There was a row of boxes. Each one was filled with a collection of anonymous lives degraded into sepia: mortified and torn histories. Unknown, unimaginable and unwanted…they were crying – like ghostly children – for attention.
She was leaning out of her box; staring steadfastly ahead, which was all she could do, as her hands were full:
One hand held the American flag; the other held the flag of Syria (it would possess the Ottoman crescent until 1918). Her full skirt, caught in a web of lace, was held aloft by unidentified helpers that stood at each side:
Clenched between her teeth was a chair. And there she stood, flags and skirt waving, the legs of the chair hovering over her head. A curio of the circus, presented as vaguely Oriental, slightly exotic: a memory of vaudevillian whimsy.
Her name was Marie Bayrooty – a ‘Syrian Danseuse’, in the New York Times’ rapt words . And in 1905 she became famous.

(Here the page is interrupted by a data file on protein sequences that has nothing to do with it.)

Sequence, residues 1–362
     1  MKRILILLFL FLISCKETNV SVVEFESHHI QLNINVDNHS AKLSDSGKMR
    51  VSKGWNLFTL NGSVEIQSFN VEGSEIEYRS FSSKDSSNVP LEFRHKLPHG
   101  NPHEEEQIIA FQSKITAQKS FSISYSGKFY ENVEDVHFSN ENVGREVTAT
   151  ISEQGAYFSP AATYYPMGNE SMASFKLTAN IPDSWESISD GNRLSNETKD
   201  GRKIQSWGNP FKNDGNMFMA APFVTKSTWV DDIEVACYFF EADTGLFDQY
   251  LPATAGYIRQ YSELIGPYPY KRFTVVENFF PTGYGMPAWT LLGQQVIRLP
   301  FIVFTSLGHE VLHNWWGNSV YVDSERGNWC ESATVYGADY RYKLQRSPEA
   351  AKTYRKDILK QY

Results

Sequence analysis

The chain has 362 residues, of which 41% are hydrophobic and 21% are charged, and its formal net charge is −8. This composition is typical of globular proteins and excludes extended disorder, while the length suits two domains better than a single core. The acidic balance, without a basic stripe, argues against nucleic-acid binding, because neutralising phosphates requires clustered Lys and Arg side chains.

On a fabulous night in April, in Madison Square Garden, Marie spun like a dervish, keeping her own time, on a small section of sand and tile. Alternating between heels and toes, like a ballerina in a box, she turned and turned. She ate an orange, sending pieces of whirling citrus detritus into the enthralled audience. During the final minute she cued the band, which struck up “Yankee Doodle Dandy”: she then picked up her spinning speed, before slowing to a stop.
But Marie had not finished. She then grasped a chair with her teeth, and whirled for 5 minutes more. Then “she stopped, made a curtsy, and trotted off to her dressing room”.
Yet Marie was not yet prepared to lay her dizzy career to rest. The next year she broke her own record, spinning for 32 minutes – and completing 2,990 revolutions. Her silken slippers winking from beneath her hastening petticoats, Marie was a blur to the light-headed reporters who watched and counted.
But with the passage of decades, her mad flutterings were silenced. Consigned to her box, she was hidden – and her story forgotten. Perhaps out of desperation, or out of loneliness, she was able to gather the strength to finally complete her 2,991st revolution – the one that lifted her out of her prison and into my waiting hand.